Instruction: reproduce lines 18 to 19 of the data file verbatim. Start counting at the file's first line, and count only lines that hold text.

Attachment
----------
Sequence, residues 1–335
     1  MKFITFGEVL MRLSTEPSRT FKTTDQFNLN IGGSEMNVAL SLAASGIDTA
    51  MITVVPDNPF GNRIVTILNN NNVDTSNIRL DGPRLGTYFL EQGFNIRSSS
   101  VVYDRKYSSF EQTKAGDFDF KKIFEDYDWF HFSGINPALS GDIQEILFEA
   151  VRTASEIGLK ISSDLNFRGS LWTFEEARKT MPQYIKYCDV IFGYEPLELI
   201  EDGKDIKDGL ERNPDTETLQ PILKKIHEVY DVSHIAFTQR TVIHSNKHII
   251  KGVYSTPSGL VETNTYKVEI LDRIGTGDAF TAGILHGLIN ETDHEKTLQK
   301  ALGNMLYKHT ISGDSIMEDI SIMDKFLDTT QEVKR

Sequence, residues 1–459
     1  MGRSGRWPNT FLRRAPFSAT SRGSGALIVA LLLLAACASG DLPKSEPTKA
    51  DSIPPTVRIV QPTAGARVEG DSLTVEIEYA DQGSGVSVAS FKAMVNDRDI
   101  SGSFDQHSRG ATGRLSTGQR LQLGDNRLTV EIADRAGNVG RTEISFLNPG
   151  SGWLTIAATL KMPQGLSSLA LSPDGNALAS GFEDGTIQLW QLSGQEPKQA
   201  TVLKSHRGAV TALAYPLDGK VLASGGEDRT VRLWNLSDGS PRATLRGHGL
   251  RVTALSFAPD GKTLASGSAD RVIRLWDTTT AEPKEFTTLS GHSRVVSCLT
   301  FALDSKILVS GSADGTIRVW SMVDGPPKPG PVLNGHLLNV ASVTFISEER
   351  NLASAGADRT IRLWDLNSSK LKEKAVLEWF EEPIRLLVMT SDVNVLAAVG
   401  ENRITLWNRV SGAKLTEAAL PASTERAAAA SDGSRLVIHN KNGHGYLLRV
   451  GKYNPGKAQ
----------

   401  ENRITLWNRV SGAKLTEAAL PASTERAAAA SDGSRLVIHN KNGHGYLLRV
   451  GKYNPGKAQ